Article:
Cryptocurrency exchanges can be a bit overwhelming at first. And mistakes can be costly. A slight oversight could damage or destroy your crypto portfolio.

Here are 11 things you do not want to do when using a crypto exchange.

#1 – Pick A Crypto Exchange Without Researching

Once you have your BTC and you’re looking for an exchange to trade for some altcoins, your first impulse might be to pick the first one that pops up in Google. However, you have a lot of options when it comes to exchanges.

If you’re starting off, it’s best to pick a popular, well-rated one to begin with until you grow familiar with them.

If you already know what altcoins you want to diversify your portfolio, you’ll need to make sure the exchange you have in mind offers those coins. You’ll also want to check fees to make sure they’re within a range you feel comfortable paying.

Exchange access varies widely depending on your country of residency, so start by looking at exchanges that do business in your area.

#2 – Leave Your Crypto on the Exchange

Don’t do this.

As elementary as this information seems, people still leave their crypto on the exchange and lose it when that exchange gets hacked.

MyEtherWallet has a general rule: don’t leave more than a week’s worth of wages worth of crypto on the exchange.

It’s unnecessarily risky to leave more than that.

Personally, I never keep more than enough capital for one trade on any exchange.

#3 – Be Impatient

If you don’t have any experience trading in general, then you bound to be overwhelmed the first time you log onto an exchange. Exchanges are busy, crowded places.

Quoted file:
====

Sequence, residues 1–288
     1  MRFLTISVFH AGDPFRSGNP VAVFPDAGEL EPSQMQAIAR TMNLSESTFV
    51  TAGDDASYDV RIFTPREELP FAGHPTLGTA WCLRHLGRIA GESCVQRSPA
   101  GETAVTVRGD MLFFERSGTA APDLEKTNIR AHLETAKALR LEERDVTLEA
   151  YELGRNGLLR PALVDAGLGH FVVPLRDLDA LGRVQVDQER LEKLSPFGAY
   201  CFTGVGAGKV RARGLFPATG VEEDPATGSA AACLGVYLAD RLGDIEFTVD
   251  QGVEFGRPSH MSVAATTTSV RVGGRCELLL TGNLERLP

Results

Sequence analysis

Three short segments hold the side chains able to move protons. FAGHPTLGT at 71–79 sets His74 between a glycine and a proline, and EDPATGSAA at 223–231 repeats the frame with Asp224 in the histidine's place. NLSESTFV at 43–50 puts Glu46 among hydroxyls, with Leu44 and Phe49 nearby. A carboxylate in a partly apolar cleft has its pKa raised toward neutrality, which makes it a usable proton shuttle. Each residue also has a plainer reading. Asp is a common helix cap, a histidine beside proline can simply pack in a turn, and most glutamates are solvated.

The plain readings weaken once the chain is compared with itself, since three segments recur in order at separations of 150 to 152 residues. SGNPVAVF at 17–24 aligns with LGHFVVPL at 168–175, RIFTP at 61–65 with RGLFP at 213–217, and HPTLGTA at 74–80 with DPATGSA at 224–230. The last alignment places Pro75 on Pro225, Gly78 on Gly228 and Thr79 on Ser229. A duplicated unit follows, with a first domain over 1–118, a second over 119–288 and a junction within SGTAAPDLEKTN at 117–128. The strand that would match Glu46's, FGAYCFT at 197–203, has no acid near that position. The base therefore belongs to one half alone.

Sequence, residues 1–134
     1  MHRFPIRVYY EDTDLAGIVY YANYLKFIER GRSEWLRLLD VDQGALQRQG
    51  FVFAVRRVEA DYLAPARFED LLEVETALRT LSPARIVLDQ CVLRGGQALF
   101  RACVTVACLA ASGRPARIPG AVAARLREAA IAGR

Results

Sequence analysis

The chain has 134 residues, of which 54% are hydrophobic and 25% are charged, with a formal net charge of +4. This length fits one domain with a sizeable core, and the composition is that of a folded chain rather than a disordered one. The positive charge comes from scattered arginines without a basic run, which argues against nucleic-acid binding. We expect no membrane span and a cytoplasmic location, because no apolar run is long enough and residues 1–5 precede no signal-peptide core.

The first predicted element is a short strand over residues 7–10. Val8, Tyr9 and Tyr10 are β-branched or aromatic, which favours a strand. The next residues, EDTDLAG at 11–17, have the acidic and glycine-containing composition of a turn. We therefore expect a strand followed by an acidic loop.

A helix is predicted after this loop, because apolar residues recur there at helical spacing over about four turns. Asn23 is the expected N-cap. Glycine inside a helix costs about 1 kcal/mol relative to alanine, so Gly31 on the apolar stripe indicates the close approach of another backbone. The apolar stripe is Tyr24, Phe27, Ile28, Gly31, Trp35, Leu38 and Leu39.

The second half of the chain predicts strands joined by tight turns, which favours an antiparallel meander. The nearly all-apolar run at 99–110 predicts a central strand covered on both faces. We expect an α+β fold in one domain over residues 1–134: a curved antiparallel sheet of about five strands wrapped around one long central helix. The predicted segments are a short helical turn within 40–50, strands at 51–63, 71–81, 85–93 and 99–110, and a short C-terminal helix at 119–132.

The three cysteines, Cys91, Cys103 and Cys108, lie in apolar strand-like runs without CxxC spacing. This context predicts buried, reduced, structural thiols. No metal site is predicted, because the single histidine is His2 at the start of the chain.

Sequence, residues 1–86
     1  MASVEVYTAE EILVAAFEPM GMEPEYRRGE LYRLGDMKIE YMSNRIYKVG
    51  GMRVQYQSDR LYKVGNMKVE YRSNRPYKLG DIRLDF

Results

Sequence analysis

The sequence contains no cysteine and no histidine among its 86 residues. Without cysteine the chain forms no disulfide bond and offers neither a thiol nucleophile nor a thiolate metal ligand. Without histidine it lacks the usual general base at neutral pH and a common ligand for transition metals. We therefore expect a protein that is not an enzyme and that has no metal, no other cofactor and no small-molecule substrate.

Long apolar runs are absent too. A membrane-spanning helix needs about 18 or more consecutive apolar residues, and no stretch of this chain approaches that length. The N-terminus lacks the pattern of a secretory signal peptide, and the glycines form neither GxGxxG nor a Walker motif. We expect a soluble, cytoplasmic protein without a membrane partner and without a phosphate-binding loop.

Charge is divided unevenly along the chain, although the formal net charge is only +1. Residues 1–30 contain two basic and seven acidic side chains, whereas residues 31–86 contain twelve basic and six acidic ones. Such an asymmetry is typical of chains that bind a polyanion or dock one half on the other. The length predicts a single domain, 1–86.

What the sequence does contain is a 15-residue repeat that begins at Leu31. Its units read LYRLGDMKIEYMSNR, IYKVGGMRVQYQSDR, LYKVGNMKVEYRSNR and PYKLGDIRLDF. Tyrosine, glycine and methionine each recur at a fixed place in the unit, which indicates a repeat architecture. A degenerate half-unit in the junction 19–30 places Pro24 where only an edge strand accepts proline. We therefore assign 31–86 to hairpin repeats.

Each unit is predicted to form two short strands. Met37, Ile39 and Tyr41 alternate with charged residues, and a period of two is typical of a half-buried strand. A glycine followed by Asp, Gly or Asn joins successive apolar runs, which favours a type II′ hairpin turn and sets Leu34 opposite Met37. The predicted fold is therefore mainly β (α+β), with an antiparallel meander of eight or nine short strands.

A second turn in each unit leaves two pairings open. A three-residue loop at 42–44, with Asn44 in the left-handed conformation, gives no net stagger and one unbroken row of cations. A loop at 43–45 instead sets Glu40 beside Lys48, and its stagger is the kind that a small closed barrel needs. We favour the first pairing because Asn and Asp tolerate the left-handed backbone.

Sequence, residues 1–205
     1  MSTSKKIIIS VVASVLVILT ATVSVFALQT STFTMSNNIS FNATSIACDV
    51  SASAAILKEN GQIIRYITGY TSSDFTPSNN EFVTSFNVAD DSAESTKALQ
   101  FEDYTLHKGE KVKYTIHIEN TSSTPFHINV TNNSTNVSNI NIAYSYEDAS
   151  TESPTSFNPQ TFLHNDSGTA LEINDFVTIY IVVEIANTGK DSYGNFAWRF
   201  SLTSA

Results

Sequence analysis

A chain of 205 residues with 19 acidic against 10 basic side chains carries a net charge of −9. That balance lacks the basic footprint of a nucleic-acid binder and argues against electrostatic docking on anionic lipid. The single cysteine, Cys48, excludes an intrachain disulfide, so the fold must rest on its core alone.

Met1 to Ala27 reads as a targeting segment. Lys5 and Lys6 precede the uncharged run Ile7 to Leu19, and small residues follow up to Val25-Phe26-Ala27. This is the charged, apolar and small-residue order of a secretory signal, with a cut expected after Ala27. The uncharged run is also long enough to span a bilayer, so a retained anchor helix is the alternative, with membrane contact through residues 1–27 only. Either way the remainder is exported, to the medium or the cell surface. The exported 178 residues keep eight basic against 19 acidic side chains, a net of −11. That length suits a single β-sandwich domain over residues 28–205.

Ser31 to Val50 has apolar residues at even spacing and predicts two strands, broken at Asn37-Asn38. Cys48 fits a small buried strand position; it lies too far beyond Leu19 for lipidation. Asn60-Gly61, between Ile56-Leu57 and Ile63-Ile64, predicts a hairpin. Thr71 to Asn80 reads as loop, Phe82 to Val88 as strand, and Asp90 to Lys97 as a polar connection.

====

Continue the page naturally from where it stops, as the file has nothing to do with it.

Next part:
And most often, that’s the beginner’s version of the exchange. Many exchanges offer advanced platforms with additional tools to help traders.

These exchanges can overwhelm a beginner. The learning curve is high. Take the time to understand how to use the exchange. Try completing a few small trades until you grow more comfortable with the system before moving on to larger ones.

#4 – Send Crypto to the Wrong Account

Many beginning investors rush to start trading and making money. Mistakes happen.

It shouldn’t be surprising that there are several stories about investors who lost tens or even hundreds of thousands sending crypto to the wrong address or even mixing up numbers and creating costly mistakes.

These mistakes are easily avoidable with a little caution. Make sure you check, then double check. Then check again, because the only thing worse than losing money to a hacker is losing it to human error.

#5 – Constantly Obsess Over A Coin’s Price

If the current value of one BTC is fluctuating between 7-8k, don’t let this deter you from investing because you feel as though you need to buy one whole BTC. You don’t need to buy a full BTC for it to be an investment. “Position sizing” is the place to start when thinking about risk and portfolio management.

More importantly, a cheaper altcoin doesn’t make it a better investment. Most of the weaker coins fail. I expect over 90% of ICO’s to go bust in the next few years. This statistic is in line with other non-crypto startups.

Make sure you have a plan. Are you a long-term investor, swing trader, or short-term trader?

What are your long-term goals?

If you’re obsessing over price, it means you’re trading with too much capital or don’t really have a plan.